This Policy Brief presents a scenario for 2030 that is compatible with the protein transition objectives set out in the recovery plan and the French national low-carbon strategy (SNBC), then describes its implications in terms of investment and identifies a set of measures to unlock the sector.

Key Messages

  • Based on the development of legumes, the “protein transition” supported by the French recovery plan is a prerequisite for achieving numerous environmental objectives: a reduction in direct emissions from mineral fertiliser use, the re-diversification of cropping systems for a reduction in plant protection products, and an increase in soil organic carbon. It will also generate other benefits, whether nutritional (in line with the French nutrition-health programme), geopolitical/ strategic (a reduction in soya imports) or socio-economic (job creation in the agri-food industries).
  • Given the lack of competitiveness of French legumes compared to imports, investments need to simultaneously target five dimensions of the organisation of the sector: (1) stakeholder coordination and market structure in order to provide new outlets for production; (2) R&D in plant breeding, the development of agronomic solutions and farm advisory services; (3) agricultural equipment for the development of field crops, especially in organic farming, in line with the SNBC objectives for 2030 (26 % of land under organic farming); (4) industrial equipment for downstream collection/storage/processing; and (5) changes in consumer practices to (i) increase the proportion of legumes in diets, (ii) foster the “willingness to pay” for animal products for which the substitution of imported soya will lead to higher production costs.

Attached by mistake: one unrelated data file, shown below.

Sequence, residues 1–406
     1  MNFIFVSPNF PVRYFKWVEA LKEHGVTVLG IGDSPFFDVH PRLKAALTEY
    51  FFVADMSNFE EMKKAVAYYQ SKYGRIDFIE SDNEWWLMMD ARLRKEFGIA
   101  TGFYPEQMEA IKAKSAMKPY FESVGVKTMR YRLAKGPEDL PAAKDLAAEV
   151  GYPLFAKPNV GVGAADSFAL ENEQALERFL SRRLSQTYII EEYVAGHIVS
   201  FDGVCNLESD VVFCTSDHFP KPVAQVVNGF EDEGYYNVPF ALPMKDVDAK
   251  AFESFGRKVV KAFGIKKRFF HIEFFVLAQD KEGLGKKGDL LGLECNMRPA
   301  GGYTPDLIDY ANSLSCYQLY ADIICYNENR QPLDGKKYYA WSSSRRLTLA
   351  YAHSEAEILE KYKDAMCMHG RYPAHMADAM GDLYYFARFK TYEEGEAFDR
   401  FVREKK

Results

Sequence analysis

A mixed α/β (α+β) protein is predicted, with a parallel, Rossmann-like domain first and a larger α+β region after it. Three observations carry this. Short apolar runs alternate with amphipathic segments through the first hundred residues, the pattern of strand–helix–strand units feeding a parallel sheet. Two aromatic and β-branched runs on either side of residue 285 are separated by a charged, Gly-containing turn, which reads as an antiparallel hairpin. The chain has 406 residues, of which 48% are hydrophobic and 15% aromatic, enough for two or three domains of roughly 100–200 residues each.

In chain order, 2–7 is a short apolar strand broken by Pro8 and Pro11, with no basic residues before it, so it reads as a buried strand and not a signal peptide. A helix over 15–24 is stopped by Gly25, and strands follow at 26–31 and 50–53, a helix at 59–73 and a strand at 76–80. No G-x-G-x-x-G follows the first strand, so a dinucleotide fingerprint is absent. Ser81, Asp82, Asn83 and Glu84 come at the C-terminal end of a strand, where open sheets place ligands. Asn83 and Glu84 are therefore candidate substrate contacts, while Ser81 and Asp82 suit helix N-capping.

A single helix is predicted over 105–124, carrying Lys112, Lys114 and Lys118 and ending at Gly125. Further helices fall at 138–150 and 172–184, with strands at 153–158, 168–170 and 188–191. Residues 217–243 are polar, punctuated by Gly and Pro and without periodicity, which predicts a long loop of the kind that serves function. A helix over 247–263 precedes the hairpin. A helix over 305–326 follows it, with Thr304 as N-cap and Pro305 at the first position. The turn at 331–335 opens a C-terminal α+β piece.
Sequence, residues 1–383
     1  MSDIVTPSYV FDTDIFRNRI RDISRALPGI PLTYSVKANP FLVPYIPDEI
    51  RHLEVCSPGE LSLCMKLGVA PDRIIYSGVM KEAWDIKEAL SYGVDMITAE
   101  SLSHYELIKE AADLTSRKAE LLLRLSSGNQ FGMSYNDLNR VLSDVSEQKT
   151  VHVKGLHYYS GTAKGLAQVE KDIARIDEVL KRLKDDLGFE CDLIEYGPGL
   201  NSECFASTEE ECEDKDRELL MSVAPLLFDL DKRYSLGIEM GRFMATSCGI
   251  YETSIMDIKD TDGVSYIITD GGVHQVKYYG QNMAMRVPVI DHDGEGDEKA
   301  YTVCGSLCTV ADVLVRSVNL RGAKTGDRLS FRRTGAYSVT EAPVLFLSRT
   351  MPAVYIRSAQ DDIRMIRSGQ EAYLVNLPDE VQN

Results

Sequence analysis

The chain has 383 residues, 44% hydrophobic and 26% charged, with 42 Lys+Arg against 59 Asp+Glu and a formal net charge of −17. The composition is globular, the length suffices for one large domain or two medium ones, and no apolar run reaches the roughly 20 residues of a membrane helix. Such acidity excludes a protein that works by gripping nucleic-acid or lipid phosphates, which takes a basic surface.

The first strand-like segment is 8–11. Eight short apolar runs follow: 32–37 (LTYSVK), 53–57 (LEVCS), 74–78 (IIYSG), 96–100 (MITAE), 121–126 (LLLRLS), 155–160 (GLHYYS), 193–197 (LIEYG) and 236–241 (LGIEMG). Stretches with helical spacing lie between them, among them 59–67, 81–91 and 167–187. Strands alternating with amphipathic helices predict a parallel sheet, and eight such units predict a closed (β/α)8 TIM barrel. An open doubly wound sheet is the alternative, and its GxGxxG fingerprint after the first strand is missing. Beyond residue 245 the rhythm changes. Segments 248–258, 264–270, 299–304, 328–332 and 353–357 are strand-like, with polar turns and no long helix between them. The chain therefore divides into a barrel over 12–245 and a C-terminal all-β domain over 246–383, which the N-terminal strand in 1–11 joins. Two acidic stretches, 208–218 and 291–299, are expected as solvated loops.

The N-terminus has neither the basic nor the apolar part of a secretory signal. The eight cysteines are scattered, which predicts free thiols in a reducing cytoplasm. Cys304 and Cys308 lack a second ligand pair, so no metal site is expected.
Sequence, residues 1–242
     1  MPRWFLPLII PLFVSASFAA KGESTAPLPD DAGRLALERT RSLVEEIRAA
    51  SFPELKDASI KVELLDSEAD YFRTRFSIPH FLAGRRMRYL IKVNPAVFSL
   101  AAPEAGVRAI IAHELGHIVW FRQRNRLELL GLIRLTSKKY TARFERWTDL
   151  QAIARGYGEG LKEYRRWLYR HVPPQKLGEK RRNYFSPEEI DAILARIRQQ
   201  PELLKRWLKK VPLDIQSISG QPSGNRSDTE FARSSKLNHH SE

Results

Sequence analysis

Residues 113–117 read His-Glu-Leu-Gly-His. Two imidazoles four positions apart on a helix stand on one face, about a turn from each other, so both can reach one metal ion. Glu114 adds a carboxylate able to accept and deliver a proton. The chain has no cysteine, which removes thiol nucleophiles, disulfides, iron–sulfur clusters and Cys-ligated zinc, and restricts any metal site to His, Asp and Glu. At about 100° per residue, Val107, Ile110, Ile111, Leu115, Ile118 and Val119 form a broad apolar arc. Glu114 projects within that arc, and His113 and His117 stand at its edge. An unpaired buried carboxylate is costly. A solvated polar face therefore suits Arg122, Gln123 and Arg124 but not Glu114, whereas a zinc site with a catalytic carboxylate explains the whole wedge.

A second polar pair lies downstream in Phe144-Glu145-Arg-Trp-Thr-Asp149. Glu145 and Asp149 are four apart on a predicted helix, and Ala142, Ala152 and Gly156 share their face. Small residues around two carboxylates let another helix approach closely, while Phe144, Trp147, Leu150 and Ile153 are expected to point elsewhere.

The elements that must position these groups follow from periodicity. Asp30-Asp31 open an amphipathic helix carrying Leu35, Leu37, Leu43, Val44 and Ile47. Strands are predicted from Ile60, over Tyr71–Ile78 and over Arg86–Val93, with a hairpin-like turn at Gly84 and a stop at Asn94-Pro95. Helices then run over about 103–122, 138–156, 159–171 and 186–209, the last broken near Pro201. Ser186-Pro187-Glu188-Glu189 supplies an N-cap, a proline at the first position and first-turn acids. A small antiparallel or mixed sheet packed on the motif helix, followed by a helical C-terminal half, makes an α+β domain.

• The budget provided for in the plan falls short of tangible investment requirements for production/ processing and must be accompanied by two sets of complementary measures: market organisation measures to protect French supply chains, at least temporarily, from international competition and thereby enable their development; and incentive measures for private investments by stakeholders in the sectors (taxation, CAP aid, etc.), in order to foster a stable market environment in which economic actors feel that they can be competitive.

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